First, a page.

The ‘kitchen party’ is a Newfoundland folk tradition that first evolved as a shared pastime among family, friends, and neighbours in rural outports and remote fishing villages and which has played an integral role in shaping the social fabric and cultural identity of Newfoundland life.
From these social gatherings emerged a repertoire of performance, stories, and songs to help pass long and uneventful evenings. Drinkers and carousers would crowd around their wood stoves or step dance across the floor.
The principal melody instruments at the kitchen party was the accordion and fiddle. In their absence came the ‘ugly stick‘, a traditional Newfoundland musical instrument fashioned out of household and tool shed items, typically a mop handle with bottle caps, tin cans, small bells, and other noise makers.
This tradition of household entertainment continues to thrive and remains an indelible part of Newfoundland’s cultural heritage. On any given Saturday night across the island, makeshift jam sessions unfold in kitchens, living rooms, and basements.
Interestingly, in 2013, CBC Radio One’s Weekend AM hosted a transatlantic kitchen party, building on the historical connections between Bristol, England and Newfoundland. Click here for the experience.
While today’s kitchen party has taken on a life of its own, moving out of the kitchen and into larger venues, there is still no better way in Newfoundland to get to know a crowd of strangers than a good ole fashion kitchen party.
Below are four notable ones.
Woody Island Resort
This ole fashion kitchen party comes with the Woody Island stay package, and involves live entertainment with a guitar, an accordion, and even an ‘ugly stick’ or two thrown into the mix. Guests are also encouraged to bring their own musical instruments and play along.
The audience here is energetic with lots of dancing and singing and nothing gets people moving like a great Newfoundland Irish tune. Some of the more popular songs at the Woody Island kitchen party include Mussels in the Corner, I’se the By’s, and Salt Water Joys.
Quidi Vidi Brewery
Quidi Vidi Brewery, Newfoundland’s largest craft brewery, hosts a kitchen party Friday evenings beginning at 5:30. This boisterous event, featuring live music by the Brew Crew band, is a foot stomping performance that will have you up and on the floor in no time.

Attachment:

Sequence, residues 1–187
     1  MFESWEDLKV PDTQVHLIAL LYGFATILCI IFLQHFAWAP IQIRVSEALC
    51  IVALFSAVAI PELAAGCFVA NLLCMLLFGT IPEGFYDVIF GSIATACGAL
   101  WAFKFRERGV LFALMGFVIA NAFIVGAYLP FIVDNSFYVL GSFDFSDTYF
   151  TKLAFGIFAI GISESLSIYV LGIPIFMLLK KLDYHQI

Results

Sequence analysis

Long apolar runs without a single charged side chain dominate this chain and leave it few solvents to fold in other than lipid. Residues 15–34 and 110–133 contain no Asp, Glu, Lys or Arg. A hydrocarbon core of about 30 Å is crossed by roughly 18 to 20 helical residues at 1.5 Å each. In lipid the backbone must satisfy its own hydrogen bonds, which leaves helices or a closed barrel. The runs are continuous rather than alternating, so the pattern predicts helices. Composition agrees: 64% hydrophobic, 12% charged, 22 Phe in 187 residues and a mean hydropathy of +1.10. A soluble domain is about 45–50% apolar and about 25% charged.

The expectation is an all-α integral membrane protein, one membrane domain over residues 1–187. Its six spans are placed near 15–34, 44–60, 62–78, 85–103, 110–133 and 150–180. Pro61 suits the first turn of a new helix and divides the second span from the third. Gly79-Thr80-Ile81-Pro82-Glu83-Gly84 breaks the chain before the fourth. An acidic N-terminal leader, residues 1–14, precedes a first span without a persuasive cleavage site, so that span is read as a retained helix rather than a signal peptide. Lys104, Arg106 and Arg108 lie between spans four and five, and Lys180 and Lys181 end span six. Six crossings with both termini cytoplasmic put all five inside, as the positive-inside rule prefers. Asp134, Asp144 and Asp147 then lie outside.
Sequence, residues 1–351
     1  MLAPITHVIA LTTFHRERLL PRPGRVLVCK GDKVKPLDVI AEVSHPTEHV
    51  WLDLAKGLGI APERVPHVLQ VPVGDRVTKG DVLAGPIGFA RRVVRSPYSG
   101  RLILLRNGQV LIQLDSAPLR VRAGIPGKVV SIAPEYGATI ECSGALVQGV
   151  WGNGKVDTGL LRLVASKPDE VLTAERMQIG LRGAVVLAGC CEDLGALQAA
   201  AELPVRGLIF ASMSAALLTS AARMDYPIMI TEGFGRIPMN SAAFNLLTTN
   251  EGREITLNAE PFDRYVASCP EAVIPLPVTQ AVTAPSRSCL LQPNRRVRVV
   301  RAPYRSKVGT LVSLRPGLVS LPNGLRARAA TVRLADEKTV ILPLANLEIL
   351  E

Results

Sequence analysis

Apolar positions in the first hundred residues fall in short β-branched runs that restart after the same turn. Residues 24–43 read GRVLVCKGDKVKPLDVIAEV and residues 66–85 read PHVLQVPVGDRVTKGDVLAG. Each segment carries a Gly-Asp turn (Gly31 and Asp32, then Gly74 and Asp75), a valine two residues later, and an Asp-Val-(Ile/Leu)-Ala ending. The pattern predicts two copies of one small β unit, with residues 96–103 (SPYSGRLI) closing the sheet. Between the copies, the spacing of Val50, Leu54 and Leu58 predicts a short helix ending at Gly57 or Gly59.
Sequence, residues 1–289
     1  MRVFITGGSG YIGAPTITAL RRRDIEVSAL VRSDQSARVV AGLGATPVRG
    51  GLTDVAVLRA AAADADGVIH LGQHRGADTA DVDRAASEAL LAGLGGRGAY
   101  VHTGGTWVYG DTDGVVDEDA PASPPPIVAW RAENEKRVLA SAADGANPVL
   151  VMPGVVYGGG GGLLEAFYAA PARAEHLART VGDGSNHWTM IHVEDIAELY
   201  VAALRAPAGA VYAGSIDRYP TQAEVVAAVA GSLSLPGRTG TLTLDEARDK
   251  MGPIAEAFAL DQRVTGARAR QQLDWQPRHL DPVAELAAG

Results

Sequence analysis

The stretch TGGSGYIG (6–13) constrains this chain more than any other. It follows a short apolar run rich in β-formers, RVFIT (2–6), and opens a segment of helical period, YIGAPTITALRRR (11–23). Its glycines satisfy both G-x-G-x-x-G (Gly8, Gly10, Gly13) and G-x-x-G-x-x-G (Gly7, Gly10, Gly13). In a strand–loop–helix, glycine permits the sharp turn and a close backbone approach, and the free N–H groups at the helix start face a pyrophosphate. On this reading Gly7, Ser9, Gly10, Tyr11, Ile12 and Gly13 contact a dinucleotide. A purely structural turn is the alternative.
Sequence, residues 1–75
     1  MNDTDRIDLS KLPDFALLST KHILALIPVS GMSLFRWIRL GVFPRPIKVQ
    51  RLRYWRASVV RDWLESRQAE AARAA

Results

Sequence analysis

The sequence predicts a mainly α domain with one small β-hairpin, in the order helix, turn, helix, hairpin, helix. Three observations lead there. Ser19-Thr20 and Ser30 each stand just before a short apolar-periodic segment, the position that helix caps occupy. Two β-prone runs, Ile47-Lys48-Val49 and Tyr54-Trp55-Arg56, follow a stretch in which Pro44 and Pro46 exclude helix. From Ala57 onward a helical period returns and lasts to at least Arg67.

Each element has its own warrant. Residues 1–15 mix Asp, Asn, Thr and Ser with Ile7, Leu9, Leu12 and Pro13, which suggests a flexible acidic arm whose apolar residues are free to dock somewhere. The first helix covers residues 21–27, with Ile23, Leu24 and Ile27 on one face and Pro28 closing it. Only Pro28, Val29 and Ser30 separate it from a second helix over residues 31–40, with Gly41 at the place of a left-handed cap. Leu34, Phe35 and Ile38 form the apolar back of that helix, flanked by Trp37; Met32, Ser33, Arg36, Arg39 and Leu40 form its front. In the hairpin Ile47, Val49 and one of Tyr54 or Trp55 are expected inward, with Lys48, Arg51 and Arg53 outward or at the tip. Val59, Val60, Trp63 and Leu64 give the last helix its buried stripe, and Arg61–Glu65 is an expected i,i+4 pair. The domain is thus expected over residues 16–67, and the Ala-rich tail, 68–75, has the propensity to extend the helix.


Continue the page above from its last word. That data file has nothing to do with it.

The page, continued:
Eight brands of Quidi Vidi Brewery’s award winning beers are also on tap for you to sample. A guided tour of their brewing facility is also recommended.
A visit to the area is well worth the trip alone, Quidi Vidi is essentially a rural fishing outport in St. John’s. Now, how many major Canadian cities can boast such a thing?
Ocean View Hotel & Anchor Pub
Ocean View Hotel, located in the heart of spectacular Gros Morne National Park, recently won the H. Clayton Sparkes Accommodator of the Year Award in NL, and for good reason. At their kitchen parties (held Sunday, Tuesday, and Thursday nights), you join local recording artist Dave Shears and get ‘screeched in’ (become a certified honorary Newfoundlander). Come sing/play along with the band using some of their homemade, traditional party instruments.
Be sure you also check out the Anchor Pub, which features live traditional entertainment seven nights a week from June through September. All summer long, the Anchors Aweigh band leads a host of talented entertainers here, creating one of the region’s signature entertainment experiences.
Aunt Edna’s Boarding House B&B
The picturesque community of Little Bay Islands (population 80) is tucked away in Notre Dame Bay on the northern coast of Newfoundland. Here, authentic rural outport kitchen parties are held at Aunt Edna’s parlor, where, every Saturday night, people just drop by and have a great night of music, songs, and stories.
Musicians come from all over for these parties, a wonderful experience that showcases local songwriters and artists. Be sure to ask Sharlene, the owner, to break out her bohran, the Irish drum, with the impromptu band.